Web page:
Nothing ever changes. The details are mind-numbing. And it will all determine the future of the country.
Theresa May’s foray to Brussels to seek the E.U.’s aid in getting a deal through her Parliament ended in frustration, leaving her with no clear way forward.
EU leaders took turns to praise Theresa May on Thursday night (13 December) but the UK Prime Minister left Brussels empty-handed after promising her divided Conservative party that she would secure new concessions from EU leaders.
Pity poor Theresa May and her faltering plan for Britain to exit the European Union. Whatever it is, her critics are against it.
After surviving a confidence vote at home, Mrs. May was asking European Union leaders to help her out. But she might be asking for the impossible.
The prime minister limps on after winning a no-confidence vote, but her deal is still on the ropes and a trip to Brussels probably won’t help.
Two and a half years after Britain’s referendum on whether to leave the European Union, the country remains divided. We met with voters on both sides of the debate — those who voted to leave and now feel betrayed, and those campaigning for a second referendum.
She has Britain’s grudging respect. And not much more.
The divisions are deep, but Britain’s ruling party knows how to stand together when the time comes.
Prime Minister Theresa May survived a no-confidence vote on Tuesday night (12 December) but it came at a heavy price, as she lost the support of nearly 40% of her Conservative MPs and the opposition hinted it may soon mount its own challenge against her.
A party vote left her in power, but her government’s plans on how to leave the European Union were left in disarray.
Conservative lawmakers in Britain voted not to oust their leader. Here is how it unfolded.
Mrs. May had offered herself as a pair of “safe hands” in negotiating Brexit. But she survived a confidence vote only after promising to eventually step down.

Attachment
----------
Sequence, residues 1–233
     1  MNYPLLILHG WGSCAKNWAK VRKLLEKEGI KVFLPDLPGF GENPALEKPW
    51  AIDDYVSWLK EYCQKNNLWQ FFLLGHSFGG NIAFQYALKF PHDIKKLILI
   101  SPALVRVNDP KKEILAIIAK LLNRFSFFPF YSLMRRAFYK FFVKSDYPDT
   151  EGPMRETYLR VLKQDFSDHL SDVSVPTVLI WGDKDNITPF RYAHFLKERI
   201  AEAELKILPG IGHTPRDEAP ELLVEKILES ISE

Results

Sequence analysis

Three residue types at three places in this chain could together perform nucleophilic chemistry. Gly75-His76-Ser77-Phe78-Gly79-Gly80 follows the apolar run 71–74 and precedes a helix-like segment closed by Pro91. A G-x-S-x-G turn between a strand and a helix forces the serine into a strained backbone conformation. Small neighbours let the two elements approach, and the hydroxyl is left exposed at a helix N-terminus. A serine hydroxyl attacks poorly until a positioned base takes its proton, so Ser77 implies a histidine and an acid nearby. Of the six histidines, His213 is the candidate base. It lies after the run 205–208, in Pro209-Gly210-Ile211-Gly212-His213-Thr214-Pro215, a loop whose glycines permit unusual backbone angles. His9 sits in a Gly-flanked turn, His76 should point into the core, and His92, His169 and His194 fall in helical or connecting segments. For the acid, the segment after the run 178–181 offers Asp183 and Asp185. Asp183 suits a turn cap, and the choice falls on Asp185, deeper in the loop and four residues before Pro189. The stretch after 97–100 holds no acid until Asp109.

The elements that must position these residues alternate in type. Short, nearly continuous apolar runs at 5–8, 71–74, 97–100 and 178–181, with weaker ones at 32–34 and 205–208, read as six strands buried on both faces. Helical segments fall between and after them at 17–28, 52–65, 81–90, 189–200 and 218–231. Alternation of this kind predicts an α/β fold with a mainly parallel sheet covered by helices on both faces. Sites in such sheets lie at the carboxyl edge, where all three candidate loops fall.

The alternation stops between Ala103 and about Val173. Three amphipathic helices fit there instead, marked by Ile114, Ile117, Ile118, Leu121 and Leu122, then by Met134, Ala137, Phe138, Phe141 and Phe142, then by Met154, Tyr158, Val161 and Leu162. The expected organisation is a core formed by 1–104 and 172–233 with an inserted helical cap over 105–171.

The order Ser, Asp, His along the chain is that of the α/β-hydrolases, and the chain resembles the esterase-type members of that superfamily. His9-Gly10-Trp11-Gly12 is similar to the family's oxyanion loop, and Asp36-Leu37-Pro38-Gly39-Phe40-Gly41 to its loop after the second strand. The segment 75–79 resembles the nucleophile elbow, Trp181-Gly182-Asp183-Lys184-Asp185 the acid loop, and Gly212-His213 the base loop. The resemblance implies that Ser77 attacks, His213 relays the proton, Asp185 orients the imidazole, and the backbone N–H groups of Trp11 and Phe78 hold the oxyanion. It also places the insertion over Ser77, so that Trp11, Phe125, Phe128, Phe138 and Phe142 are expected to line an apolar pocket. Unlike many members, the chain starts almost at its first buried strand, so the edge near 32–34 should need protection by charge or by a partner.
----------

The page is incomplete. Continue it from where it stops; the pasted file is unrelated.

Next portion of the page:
If Mrs. May falls in a vote of no confidence among her party’s lawmakers Wednesday night, plenty of rivals stand ready to compete for her job.
“This year, we’re expecting annual 4K UHD TV shipments to power past 100 million units,” says Tristan Veale, Market Analyst at Futuresource, “and the market will continue to grow with double-digit CAGR throughout our forecasting period to 2022.
The analysts say that HDR (high dynamic range) will be included in half of all 4K UHD TVs sold worldwide in 2018, though consumer understanding remains limited.
Asia Pacific leads the way in volume, helped along by China, the largest single market for 4K UHD. North America has also seen strong uptake of 4K UHD, with rapidly declining prices and a general preference for larger screens to match the larger-than-average homes in the region. In Europe, the positive picture continues, with Futuresource anticipating shipments to grow by 30% this year.
“When it comes to the content, SVOD remains the primary gateway for consumers to get their UHD fix,” says Veale. “Netflix is the key service driving UHD SVOD spend. Depending on the country, around 20% to 30% of subscribers have opted for the UHD premium tier.
February’s Winter Olympics and the FIFA World Cup accelerated many broadcasters’ plans to introduce 4K UHD coverage, making high-quality streams available.
Prime Minister Theresa May is set to emerge empty-handed from a whistle-stop tour of European capitals where she seeks further concessions from EU leaders to salvage her unpopular Brexit deal.
Britain’s prime minister set off Tuesday on a series of flying visits with E.U. leaders, seeking ways to increase domestic support for her withdrawal agreement.
The act of protest by a member of the House of Commons drew attention to the symbolic 17th-century object, and to the chaotic state of British politics.
The only thing clear about Brexit is that there will be more confusion.